This story originally appeared in Mile High Sports Magazine. Read the full digital edition.

Von Miller had to say goodbye to Lil Wayne.

One rising star and one fading legend parted ways. Miller had places to be.

It was around 5:30 in the morning on Monday, Feb. 8. The hip-hop icon, Miller and a slew of Broncos partied the night away at a posh San Francisco club.

Crowned Super Bowl champions fewer than 12 hours earlier, the adrenaline was still pumping, especially for the game’s Most Valuable Player.

“You don’t really need sleep after you win a Super Bowl. It was all good,” a jovial Miller says six months later at Denver Broncos headquarters, training camp and a title defense in full swing.

Miller had just wrapped up a group session with the media at UCHealth Training Center. It was early August and just the second time he spoke with the press after inking a six-year, $114.5 million deal, including $70 million guaranteed on July 15.

To say he was in a good mood would be an understatement.

The Broncos linebacker had time for a chat on the side. Cramming the “Summer of Von” into an interview wouldn’t be easy, but Miller’s game to talk about it all.

His appearances on “Dancing with the Stars” and “The Ellen DeGeneres Show” topped the list.

“Ellen’s the best,” Miller says about his newfound celebrity friend.

The ESPY’s, endless commercial shoots and even one of the most popular children’s networks around: How will he forever remember the wildest months of his 27-year-old life?

“I have a scrapbook that has all kinds of little stubs and stuff, like from when I went on ‘The Ellen Show.’ That was pretty cool, and Nickelodeon. I have a scrapbook that my assistant is making for me,” Miller told assembled journalists minutes before the one-on-one session.

If he needs a starting place for the scrapbook, where better than the night, which quickly blended into morning, after he almost single-handedly won Super Bowl 50 for Denver? From the moment Miller was finally able to leave Levi’s Stadium, to his MVP press conference the next morning, it was go, go, go.

“I remember getting back to the hotel late – later than everyone else. I just remember trying to get back to my room to get dressed. There was all types of teammates and family members in the hallway. I shook a couple of hands, joked with a couple of guys and laughed and congratulated a whole bunch of folks. I finally got back to my room and changed clothes and ran down to the team party at the hotel. I smiled and took a lot of pictures,” Miller says.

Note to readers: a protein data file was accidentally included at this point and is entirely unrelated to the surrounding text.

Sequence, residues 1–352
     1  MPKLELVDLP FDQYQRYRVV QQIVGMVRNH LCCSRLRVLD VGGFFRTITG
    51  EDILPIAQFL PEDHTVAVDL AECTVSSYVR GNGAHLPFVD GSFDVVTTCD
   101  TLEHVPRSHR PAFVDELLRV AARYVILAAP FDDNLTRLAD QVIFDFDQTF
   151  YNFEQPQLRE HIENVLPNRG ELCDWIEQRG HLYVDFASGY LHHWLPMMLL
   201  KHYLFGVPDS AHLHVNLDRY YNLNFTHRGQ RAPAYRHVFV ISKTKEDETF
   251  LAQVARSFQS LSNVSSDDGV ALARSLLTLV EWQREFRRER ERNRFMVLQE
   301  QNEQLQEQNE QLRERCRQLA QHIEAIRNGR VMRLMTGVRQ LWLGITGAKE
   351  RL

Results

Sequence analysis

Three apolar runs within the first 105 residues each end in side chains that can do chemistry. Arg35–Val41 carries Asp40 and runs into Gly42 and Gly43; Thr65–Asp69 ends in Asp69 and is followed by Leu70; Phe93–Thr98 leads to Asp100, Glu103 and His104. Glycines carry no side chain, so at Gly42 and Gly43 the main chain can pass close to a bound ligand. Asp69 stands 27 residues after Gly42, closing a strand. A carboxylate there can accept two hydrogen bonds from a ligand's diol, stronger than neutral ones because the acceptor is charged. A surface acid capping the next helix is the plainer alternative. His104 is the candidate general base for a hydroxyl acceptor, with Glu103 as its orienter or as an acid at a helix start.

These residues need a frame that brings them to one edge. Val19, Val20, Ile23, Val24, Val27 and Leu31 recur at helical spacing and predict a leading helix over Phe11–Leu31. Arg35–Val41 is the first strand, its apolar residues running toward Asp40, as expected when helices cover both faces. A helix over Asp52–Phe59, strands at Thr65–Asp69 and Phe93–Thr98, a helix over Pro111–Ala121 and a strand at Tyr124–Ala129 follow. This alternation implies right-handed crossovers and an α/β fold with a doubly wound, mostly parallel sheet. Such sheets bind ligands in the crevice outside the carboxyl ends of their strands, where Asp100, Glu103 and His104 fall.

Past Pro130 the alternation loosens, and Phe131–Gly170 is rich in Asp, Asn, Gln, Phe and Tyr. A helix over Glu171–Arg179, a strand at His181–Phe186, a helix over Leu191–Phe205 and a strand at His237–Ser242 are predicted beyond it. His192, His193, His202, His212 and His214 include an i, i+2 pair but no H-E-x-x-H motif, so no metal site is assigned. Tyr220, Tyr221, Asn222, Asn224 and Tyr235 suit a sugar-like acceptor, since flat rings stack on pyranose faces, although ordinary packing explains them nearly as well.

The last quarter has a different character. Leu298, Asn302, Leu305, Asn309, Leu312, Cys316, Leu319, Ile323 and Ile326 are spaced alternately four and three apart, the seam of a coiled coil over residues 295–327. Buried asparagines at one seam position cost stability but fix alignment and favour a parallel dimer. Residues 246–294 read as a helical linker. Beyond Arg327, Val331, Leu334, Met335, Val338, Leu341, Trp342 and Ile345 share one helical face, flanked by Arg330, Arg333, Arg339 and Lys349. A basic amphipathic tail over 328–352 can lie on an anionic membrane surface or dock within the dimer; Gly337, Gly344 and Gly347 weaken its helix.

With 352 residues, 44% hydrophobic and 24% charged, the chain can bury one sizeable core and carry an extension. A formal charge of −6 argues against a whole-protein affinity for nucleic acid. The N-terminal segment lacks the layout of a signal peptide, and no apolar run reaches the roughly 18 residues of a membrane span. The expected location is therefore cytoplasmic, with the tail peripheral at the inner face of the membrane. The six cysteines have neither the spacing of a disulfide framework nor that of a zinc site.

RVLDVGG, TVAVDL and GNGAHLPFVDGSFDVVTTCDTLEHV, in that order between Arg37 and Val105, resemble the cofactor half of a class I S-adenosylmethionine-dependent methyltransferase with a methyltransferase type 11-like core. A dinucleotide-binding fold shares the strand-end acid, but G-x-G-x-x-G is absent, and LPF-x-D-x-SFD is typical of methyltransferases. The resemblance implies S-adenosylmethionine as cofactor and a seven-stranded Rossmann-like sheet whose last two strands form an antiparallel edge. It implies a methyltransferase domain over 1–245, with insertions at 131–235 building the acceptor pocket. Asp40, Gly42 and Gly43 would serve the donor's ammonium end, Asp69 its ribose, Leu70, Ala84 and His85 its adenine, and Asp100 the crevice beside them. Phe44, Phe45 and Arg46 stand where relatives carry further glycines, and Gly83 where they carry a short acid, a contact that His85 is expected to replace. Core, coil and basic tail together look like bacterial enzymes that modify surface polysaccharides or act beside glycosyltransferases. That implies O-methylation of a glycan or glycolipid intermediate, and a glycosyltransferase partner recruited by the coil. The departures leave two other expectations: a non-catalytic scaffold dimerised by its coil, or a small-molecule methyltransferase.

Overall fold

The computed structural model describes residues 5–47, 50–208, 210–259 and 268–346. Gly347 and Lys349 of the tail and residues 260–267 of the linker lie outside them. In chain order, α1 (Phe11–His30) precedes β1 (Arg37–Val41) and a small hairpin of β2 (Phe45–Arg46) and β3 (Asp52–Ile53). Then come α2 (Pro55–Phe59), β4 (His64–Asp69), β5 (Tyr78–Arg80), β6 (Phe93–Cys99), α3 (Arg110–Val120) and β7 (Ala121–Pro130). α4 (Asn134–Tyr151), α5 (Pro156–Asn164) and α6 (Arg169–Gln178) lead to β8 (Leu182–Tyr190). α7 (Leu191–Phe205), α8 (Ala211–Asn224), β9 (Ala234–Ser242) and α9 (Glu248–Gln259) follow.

His time and appearance already in high demand, Miller’s experience at the Santa Clara Marriott was a glimpse into what the next stretch of his offseason, summer and now life would be like. You don’t sack Cam Newton in the Super Bowl 2.5 times, force two fumbles and win MVP and still fly the tiniest-bit under the radar. Miller was a celebrity, and a darn good football player, the morning of Super Bowl 50. He was a full-fledged mega-star by the time the evening was over.

Miller’s night never truly ended. The party at the team hotel that wrapped up around 1 a.m. Monday morning was just the beginning.

“We left there and went to downtown San Francisco to a club where Lil Wayne was and we stayed there with him for a few hours and then came back to the hotel. All of the sudden I had to shoot back to downtown San Francisco for the media conference. We got back to the hotel at about 7:00 [in the morning] and we had to leave about 7:30,” Miller says.

To understand how crazy that stretch was for Miller, it’s important to have some context, and a timeline.

The Super Bowl 50 MVP, whoever that was going to be, was due at the Moscone Convention Center in the heart of San Francisco at 8:30 a.m. Monday – something determined months in advance.

Here’s a secret about the San Francisco 49ers: They no longer really embody the whole San Francisco thing.

Levi’s Stadium, their new home as of 2014, is in Santa Clara, not far from the Broncos’ Super Bowl team hotel. Fire up the old Google Maps machine and the shocking reality that it is 45.3 miles from San Fran to Santa Clara sinks in. That’d be like the Broncos putting their stadium in Georgetown (44.9 miles).